Edward Starbuck, reputedly born about 1603/4 in Derby, settled for a while in the area that’s now New Hampshire, where he was appointed one of Dover settlement’s rivermen and fishers, responsible for providing a regular supply of fish to the colony. But, after a dispute with the Puritan authorities on the issue of infant baptism, he sailed with some companions the dangerous 18 miles to Nantucket island. Then he went back for his wife and children.

And so it was they became one of the first white families on the island. Edward’s daughter Mary Starbuck Coffin introduced Quakerism there and between them they created most of Nantucket’s Quaker whaling dynasties of the 18th century.

In 2015, Natucketers starred in a blockbuster film ‘In the Heart of the Sea’, based on Nathaniel Philbrick’s book which investigated the sinking by a whale of the Nantucket whaler ‘Essex’ in 1820. Herman Melville famously based his 1851 book ‘Moby Dick’ on that event and he included a character named Starbuck as first mate of Captain Ahab’s ‘Pequod’ in the story.

Skip forward to 1971, Seattle, USA and the founders of a new coffee business are looking for an appealing brand name. They settle on Starbuck, remembering the name from Moby Dick, and the rest, as they say is ….. So the omnipresent Starbuck’s coffee shops have no relationship at all to Puritan Edward Starbuck and his Nantucket descendants, but the company has surely carried the endearing surname into world history.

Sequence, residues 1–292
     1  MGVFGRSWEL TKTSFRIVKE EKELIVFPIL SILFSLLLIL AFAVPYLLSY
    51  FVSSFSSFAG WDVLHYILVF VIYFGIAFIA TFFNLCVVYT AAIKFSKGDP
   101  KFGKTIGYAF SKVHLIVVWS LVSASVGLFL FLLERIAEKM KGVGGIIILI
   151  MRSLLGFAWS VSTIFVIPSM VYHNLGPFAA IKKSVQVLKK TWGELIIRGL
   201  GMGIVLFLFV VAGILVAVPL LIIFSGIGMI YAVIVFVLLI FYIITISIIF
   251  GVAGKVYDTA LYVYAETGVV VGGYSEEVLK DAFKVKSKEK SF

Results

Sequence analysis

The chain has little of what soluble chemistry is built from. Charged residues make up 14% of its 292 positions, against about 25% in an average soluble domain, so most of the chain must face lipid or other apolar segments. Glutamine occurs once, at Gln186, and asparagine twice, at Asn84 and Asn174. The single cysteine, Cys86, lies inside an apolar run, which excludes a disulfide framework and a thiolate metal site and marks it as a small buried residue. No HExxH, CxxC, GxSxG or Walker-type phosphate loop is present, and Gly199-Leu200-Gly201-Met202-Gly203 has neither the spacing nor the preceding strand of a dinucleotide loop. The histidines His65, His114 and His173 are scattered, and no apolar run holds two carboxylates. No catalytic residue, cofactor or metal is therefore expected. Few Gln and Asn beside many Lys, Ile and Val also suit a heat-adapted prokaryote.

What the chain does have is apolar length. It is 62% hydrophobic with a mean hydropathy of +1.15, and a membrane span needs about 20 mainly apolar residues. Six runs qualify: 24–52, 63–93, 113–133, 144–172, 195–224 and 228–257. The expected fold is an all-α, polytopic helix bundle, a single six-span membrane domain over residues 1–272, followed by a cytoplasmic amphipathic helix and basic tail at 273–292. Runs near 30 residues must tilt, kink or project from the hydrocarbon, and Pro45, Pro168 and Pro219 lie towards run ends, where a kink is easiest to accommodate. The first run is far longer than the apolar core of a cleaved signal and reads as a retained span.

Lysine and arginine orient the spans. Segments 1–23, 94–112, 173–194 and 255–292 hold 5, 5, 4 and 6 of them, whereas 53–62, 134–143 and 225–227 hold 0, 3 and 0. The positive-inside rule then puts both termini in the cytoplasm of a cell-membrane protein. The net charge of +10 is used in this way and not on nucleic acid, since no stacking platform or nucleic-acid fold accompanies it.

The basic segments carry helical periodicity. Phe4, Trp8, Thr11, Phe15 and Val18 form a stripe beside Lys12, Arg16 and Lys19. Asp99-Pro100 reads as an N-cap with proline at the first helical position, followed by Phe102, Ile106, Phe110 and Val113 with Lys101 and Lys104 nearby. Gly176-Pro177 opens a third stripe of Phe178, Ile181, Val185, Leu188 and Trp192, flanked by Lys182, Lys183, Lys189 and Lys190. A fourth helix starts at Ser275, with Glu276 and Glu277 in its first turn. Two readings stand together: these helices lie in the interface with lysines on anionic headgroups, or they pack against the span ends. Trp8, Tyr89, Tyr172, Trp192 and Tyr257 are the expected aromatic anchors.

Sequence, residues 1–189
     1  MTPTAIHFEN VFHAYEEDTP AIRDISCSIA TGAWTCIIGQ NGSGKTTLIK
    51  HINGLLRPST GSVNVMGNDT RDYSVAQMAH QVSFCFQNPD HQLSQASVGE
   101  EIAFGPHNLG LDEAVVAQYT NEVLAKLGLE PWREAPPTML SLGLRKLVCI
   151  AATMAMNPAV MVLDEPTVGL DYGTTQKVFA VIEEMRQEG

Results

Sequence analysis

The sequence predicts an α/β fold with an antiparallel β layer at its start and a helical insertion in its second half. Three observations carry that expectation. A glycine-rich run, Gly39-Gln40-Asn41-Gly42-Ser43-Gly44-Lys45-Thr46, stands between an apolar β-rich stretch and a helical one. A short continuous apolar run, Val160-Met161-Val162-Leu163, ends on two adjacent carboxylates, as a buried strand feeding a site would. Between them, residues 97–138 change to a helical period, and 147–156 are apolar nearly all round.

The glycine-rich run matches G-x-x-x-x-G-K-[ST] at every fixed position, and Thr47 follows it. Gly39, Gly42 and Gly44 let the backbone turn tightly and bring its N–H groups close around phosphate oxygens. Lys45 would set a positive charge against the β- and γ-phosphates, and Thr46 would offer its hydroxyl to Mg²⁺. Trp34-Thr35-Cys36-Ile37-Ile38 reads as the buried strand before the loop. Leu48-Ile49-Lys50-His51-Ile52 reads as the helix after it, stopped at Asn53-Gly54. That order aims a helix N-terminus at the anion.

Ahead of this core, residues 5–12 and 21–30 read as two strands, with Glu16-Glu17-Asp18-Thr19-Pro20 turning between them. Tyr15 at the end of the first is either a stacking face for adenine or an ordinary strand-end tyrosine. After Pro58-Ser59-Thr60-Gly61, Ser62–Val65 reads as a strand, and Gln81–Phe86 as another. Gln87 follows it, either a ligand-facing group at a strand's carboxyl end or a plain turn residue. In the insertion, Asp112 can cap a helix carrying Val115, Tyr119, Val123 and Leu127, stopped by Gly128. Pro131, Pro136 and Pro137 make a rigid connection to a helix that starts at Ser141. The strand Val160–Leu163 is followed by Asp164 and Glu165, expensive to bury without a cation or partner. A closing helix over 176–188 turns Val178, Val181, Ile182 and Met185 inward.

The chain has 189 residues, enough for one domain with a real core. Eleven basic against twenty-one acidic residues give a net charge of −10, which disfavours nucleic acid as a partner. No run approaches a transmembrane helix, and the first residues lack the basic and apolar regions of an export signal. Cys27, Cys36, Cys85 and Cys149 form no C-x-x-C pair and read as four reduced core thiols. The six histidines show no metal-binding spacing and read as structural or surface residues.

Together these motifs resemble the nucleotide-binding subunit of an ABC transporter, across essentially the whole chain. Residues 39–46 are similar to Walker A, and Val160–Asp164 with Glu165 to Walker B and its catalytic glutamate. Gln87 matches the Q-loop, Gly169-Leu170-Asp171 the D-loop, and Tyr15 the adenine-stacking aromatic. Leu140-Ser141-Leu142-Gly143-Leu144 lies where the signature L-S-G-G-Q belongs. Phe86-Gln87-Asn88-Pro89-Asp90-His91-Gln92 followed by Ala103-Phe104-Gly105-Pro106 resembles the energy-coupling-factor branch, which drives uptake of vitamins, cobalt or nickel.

The job I have volunteered for now in 2016 is to find good evidence that Nantucket Edward’s roots really were in Derby in 1603/4 and to find his ancestry. It seems likely he was the son of another Edward Starbuck and Anne Barnes who married in Nottingham in 1603. He may also have had a brother William (bap Derby 1607) and sister Elizabeth (bap Nottingham 1608). But that’s as far as the likelihoods go so far.

Judging by their surname’s history, the two Edwards probably travelled about the rivers and seas of Britain leaving few footprints for us to find four hundred years later on the banks and shores.

 

 

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Irish roots

When I was a teenager, I used to dream that I was Irish. We weren’t taught Irish history at school but I was reading books about it from the library. Tales of the 1916 Easter Uprising were especially affecting. But nothing my parents said about their families suggested any Irishness in our genes. My dad was Scottish, from Clydebank and Glasgow, and I didn’t realise then that this could mean Irish too. Over the years, my romantic ideas about Ireland faded – but they shone again a few years ago, when I discovered via Scotlands People and the GRO in Edinburgh, that I really did have Irish ancestors.

I calculate now that I am at least 1/16th Irish, from my great-great-grandmother Susan Kelly who said she was born in Monaghan. Her Scottish death certificate names her parents as James Kelly and Sarah Ferguson, both born in Ireland. Susan would have been born about 1825.